Volvo V40 Cross Country D3

What is it?

Before I start, the Volvo V40 Cross Country is definitely not, despite its raised ground clearance and chunky looks and add-ons, an off-roader of any description. Sorry to burst your bubble.  It is however a chunked up version of the equally smart V40, only with a bit more attitude.  

On the road

Our car for the week was the 150bhp, 6-speed manual D3 Lux model, and despite being only 2wd, it managed to nuzzle its way into the Muddy Towers good books.

You would imagine that being taller than the standard V40 would make the Cross Country a bit wobbly around corners, but the extra 40mm made no notable difference at all, in fact from motorways to narrow country lanes I found the Cross Country really fun to drive and it handled pot holes well.  Also worthy of mention is the steering, it isn't heavy as such, I'd say a tad weighty, but in a good way.  It could be argued that this makes the Cross Country a little boring, but I liked it.  

One of my favourite bits of the Cross Country was the cruise control.  Activate cruise' on a vehicle with a manual gearbox and changing gear automatically cancels it, but not in the Cross Country, it keeps it engaged. I'm sure there'll be other manufactures out there that offers this, but this was a first for me.

Off Road

Delving into my get matter, was it Volvo who kicked the Crossover trend off all those years ago with their XC70, a proper chunked up 4x4 version of their V70? You know, I think it was.  Anyway, that's pretty much irrelevant as the V40 Cross Country is not the same idea, it's more of a Rover 25 Streetwise for the modern age.  When the V40 Cross Country arrived it was quite plain to see by the low profile tyres and distinct lack of any useful approach angle that I wasn't going to be venturing too far off the beaten track, if at all.

Driving along bumpy tracks, slowly, I was surprised to hear a fair bit of noise entering the cabin, cobbled tracks aren't where the Cross Country is at it most comfortable, but despite its 4x4 shortcomings, I reckon if you chuck some snow tyres on in winter it will take you most places you want to go, on road that is.


Get behind the wheel of the Cross Country and you're immediately cosseted in style and safety, it's a nice place to be.  The dash layout is good and the rear camera is sharp.  Although comfy, being over 6ft tall I did find the seats a little short but I could get used to it.  It does have a few weird foibles mind, the handbrake lever is over on the passenger side of the centre console, which I would imagine being a bit of a stretch if you have short arms, and be careful not to brush the knee of the passenger, that can be awkward.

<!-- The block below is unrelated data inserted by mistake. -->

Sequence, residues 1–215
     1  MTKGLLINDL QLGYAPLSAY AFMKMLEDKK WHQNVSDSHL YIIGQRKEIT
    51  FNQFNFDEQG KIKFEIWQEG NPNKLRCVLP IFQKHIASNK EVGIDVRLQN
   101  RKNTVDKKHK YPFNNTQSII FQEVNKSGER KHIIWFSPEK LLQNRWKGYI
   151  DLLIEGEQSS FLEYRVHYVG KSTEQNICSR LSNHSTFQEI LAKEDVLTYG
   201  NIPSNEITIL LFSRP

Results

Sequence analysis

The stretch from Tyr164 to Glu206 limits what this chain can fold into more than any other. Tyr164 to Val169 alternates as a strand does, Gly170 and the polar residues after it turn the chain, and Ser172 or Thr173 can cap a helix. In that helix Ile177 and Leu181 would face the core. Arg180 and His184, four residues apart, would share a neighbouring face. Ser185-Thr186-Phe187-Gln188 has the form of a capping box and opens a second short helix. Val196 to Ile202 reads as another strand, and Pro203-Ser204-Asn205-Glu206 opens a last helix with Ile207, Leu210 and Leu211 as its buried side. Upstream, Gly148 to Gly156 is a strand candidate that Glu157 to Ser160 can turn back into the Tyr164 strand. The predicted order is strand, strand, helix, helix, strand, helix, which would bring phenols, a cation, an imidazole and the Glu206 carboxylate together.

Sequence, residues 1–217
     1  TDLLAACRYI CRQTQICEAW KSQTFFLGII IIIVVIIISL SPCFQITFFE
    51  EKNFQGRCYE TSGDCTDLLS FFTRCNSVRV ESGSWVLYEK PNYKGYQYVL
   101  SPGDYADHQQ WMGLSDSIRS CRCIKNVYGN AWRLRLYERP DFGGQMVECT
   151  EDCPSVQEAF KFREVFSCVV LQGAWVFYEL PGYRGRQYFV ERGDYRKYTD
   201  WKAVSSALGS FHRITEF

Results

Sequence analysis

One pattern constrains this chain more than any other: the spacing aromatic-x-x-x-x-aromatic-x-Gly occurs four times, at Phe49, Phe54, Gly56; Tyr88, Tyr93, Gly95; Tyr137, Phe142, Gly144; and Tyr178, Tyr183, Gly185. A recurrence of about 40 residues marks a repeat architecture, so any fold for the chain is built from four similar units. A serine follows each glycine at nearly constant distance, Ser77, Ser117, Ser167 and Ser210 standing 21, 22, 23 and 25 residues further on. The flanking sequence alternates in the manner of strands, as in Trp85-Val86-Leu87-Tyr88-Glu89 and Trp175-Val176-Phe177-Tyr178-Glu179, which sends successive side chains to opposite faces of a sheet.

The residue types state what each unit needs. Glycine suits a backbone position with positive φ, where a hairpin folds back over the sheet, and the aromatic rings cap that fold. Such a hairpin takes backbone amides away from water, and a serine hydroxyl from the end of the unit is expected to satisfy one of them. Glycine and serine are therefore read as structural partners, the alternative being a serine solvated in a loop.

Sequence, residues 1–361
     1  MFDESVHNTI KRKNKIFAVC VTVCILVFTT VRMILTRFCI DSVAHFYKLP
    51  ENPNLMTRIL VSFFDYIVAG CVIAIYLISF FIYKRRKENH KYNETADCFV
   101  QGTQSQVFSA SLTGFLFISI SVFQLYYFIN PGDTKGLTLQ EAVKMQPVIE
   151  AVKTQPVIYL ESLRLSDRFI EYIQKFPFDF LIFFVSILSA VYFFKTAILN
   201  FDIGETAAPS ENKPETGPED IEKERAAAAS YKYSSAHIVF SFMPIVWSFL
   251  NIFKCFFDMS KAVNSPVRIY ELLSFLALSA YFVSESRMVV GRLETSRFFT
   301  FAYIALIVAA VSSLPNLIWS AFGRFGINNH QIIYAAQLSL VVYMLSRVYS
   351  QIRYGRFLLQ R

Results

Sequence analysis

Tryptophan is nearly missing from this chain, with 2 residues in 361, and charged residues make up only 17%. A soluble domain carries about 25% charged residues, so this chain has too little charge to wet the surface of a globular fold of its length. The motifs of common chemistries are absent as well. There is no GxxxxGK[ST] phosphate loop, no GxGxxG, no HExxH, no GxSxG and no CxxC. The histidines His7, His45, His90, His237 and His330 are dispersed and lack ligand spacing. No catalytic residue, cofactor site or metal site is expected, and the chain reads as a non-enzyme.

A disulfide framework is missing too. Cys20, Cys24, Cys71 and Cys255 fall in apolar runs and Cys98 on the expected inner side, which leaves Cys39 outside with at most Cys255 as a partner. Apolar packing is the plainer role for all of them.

Because the ignition key slots into the top of the dashboard I imagined that, because I'm the custodian of a bunch load of keys, that they'd have the potential to rattle on the dash, but actually they didn't.

What else was there... oh yeah, there's no sunglasses holder, so you have to put them in the bottle/cup holder, which is no big deal really as it's the same in most cars. Rear legroom is a bit snug if you have passengers with long legs too, but the seats themselves are comfy. 

Engines ‘n’ transmissions

If you want to go all hooligan, Volvo offers the Cross Country with one petrol engine, and that's the 250bhp five-cylinder 2.5-litre T5, and as I've mentioned previously, is the only model to have AWD. 'Oh, and it's only offered with the automatic Geartronic transmission. 0-60mph takes just 6 seconds and top speed is 146mph.  Despite the high performance, the engine emits 194g/km of CO2 and achieves 34.0mpg on the combined cycle.

Diesel wise, there's the following:
115hp, 1.6-litre four-cylinder D2, delivering 99g/km CO2, and achieving 74.3mpg on the combined cycle. Top speed is 115mph and 0-60 mph takes 11.2 seconds and is only available with the 6-speed manual box. 

The other two diesel engines are the 2.0-litre five-cylinder D3 and D4 models. 

The D3 produces 150hp In manual guise with a top speed of 127mph and 0-60mph takes 9.1 seconds.  

The D4, has an extra turbo boost meaning power jumps to 177bhp and a top speed of 130mph and 0-60mph  8.2 seconds.  Both the D3 and D4 churn out 117g/km of CO2   and give you a combined 64.2mpg.


Although I really enjoyed my week with the Cross Country I wouldn't buy one, I'd need AWD and usable ground clearance.

The Cross Country is more expensive than the standard V40 because it comes in at mid and high spec, that's SE and LUX. Starting at £23,820 for the D2 SE and £27,670 for the D3 Lux, though the array of extras on the press car pushed the price up to £36,620.  Granted, it's an expensive car which might put a lot of people off, and for the price of the Cross Country you have plenty other 4wd SUV's to choose from. But if you like exclusivity, the fact that I've never seen one on the road, other than the press car, maybe a good enough reason to buy one.